Back to the Drawing Board

It doesn’t matter which company makes a PC (Apple, Microsoft, HP), the input device is the mouse and keyboard. It doesn’t matter which company makes a smart phone (Apple, Google, Microsoft), the input method is the touch technology. But every company associated with Smart TV (Google, Samsung, LG) has their own unique input device. This has nothing to do with the range of creativity; this just means that this market has not found an answer that can effectively control the full variety in potential contents Smart TV hopes to offer.


So what does this mystery input device entail? Let’s take away the confusion the market has created and go back to the basics. The foundation for any Smart TV input device is that it has to be: 1) handheld; 2) ergonomic; and 3) all-in-one.

The device needs to be handheld because of the ‘lean back’ experience of leaning back or lying down on the living room couch. The ergonomics deals with minimizing physical discomfort, thereby maximizing efficiency in the user interface with the living room setting in mind.

“All-in-one” consists of: mouse, keyboard, TV remote, and *game control functions.

*I starred Gaming because when most people think of the idea of a Smart TV, they somehow forget how crucial a role the gaming market plays (2007 Projections/2008 Projections/2011 Game Market Forecast) especially with the availability of the App store. Smartphones have been gaining traction in the mobile gaming market, and surprisingly, Nintendo is taking the hit for it?! To think of the immense potential that the TV App Stores will play should make the console game market competitors uneasy! The integration of the game market will become one of the major “killer contents” for Smart TV; to limit this market would indicate the company’s shortsighted vision (or lack of).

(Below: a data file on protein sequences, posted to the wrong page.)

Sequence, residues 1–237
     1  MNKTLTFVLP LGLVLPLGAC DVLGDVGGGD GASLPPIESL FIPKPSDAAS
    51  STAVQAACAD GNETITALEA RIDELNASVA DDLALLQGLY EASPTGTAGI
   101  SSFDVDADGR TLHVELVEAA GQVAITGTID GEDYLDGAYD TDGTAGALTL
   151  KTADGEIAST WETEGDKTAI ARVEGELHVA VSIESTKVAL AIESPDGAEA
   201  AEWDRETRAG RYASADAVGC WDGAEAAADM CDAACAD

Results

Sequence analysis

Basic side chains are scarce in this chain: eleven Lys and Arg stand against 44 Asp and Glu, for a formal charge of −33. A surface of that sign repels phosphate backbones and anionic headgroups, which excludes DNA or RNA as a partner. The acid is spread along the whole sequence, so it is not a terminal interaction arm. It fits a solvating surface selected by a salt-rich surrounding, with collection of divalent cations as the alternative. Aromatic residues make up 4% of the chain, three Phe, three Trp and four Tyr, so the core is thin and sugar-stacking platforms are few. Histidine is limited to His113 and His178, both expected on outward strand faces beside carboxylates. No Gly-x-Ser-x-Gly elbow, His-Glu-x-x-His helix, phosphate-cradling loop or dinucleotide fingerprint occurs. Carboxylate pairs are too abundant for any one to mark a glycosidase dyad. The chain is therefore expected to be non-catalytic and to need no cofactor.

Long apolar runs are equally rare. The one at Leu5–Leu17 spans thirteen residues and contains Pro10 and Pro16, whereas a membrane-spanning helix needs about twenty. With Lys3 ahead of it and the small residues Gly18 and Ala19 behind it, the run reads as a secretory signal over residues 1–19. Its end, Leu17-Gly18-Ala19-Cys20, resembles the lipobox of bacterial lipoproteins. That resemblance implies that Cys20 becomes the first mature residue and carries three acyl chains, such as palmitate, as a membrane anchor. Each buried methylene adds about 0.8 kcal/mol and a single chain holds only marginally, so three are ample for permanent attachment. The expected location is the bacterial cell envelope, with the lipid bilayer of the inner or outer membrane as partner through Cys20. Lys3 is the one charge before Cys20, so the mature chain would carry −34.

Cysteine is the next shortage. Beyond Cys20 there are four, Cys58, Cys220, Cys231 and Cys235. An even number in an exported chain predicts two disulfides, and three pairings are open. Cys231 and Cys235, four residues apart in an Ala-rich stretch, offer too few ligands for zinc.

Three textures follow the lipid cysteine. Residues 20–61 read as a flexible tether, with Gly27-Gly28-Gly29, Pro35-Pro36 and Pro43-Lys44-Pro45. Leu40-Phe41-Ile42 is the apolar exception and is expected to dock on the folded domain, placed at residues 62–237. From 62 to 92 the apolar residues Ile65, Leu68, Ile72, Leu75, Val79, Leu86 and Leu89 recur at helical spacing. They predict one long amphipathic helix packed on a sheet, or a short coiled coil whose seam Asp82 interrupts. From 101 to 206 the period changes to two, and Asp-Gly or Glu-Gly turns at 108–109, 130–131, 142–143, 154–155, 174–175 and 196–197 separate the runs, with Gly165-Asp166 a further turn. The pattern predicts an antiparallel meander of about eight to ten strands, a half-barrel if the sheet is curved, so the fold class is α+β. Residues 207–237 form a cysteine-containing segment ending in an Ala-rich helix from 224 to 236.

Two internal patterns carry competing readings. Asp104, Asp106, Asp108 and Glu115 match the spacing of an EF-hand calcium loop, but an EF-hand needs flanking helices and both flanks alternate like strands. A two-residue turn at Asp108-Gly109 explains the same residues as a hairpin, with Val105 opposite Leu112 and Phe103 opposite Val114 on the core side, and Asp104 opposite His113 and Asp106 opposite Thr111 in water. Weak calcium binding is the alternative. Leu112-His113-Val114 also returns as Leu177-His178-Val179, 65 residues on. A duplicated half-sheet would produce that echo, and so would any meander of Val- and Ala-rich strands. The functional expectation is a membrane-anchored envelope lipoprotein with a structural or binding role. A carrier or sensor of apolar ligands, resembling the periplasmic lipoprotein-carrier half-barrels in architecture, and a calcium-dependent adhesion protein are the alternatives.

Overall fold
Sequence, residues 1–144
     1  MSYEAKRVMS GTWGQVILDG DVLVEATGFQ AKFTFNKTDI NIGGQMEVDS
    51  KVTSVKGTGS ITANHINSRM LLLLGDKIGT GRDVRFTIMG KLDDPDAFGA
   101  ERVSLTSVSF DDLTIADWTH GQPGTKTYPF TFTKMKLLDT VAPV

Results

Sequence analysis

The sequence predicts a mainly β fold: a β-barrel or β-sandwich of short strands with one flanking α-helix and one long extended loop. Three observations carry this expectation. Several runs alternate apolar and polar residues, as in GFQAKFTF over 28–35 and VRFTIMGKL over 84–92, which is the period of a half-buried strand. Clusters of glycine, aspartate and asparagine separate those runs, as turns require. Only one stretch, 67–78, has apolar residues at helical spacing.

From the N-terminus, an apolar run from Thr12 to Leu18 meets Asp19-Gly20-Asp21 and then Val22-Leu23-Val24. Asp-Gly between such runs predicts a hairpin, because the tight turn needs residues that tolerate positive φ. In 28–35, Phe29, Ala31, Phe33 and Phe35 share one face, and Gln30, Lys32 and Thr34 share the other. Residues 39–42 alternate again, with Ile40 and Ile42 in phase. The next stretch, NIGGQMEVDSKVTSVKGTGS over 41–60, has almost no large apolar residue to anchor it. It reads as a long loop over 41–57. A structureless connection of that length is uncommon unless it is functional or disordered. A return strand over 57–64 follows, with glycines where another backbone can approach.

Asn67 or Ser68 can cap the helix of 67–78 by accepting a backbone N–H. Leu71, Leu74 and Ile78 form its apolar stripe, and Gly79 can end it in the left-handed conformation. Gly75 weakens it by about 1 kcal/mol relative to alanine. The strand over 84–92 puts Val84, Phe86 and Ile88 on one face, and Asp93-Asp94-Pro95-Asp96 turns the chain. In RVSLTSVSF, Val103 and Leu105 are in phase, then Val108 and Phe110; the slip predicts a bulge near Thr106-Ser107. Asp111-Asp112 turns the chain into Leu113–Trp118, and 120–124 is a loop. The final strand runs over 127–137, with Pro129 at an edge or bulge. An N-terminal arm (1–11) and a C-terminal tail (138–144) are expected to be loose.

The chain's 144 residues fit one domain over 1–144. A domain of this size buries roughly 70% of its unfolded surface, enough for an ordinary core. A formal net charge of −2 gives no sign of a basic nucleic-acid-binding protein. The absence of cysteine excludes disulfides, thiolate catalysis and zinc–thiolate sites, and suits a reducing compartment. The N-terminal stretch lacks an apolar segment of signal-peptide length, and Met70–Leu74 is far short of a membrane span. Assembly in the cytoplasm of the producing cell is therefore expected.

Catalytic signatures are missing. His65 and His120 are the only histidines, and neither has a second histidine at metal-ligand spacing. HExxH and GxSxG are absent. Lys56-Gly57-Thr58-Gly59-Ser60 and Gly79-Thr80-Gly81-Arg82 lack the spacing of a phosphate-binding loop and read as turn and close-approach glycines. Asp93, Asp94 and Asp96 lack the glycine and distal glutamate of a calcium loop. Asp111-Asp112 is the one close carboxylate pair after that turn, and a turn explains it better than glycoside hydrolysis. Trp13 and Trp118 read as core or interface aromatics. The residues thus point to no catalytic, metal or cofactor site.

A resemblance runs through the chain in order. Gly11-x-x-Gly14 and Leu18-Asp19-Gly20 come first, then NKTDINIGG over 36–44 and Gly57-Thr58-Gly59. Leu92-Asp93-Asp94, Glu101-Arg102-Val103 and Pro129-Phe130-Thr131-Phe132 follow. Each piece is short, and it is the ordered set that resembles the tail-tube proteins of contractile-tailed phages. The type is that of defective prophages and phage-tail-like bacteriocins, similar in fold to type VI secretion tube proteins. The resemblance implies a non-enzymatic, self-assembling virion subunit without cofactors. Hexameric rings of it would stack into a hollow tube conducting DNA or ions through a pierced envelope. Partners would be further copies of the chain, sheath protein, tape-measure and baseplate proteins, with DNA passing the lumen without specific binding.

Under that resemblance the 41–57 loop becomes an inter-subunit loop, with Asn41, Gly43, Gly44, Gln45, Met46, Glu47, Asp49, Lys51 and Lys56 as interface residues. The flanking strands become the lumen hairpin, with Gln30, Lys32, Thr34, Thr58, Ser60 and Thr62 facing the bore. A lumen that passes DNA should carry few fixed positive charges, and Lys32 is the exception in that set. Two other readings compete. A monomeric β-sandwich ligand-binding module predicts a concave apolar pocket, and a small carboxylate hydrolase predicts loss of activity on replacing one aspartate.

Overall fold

In order to control the “all-in-one” feature, you must incorporate the User Experiences (UX) that makes up the basic foundations to TV and PC capabilities: mouse, keyboard, TV remote, and (as explained above) game controller functions.

Cliff note:

  • Input Device must be: 1) handheld, 2) ergonomic, and 3) all-in-one.
  • Handheld: because we’re leaning back or lying down on the couch.
  • Ergonomic in regards to minimizing physical discomfort and thereby maximizing UI efficiency, with a strong emphasis on satisfying the ‘lean back’ experience of the living room setting.
  • “All-in-one” consists of: mouse, keyboard, TV remote, and game controller functions.

And that’s it. However, each of the listed items acts as its own foundation to the Smart TV and therefore must be satisfied. To leave one out is to lead to an inevitable failure that has impeded in the Smart TV’s success thus far.

The situation laid down is much like Aesop’s fable’s, “Belling the Cat”: “It is easy to propose impossible remedies.”

…however, as we’ve broken down the basics, it might not be as “impossible” as it seems…




  1. Secondary Products « the common consumer - July 16, 2011

    […] previously discussed in “Back to the Drawing Board,” a true, “main” input device must provide the following […]

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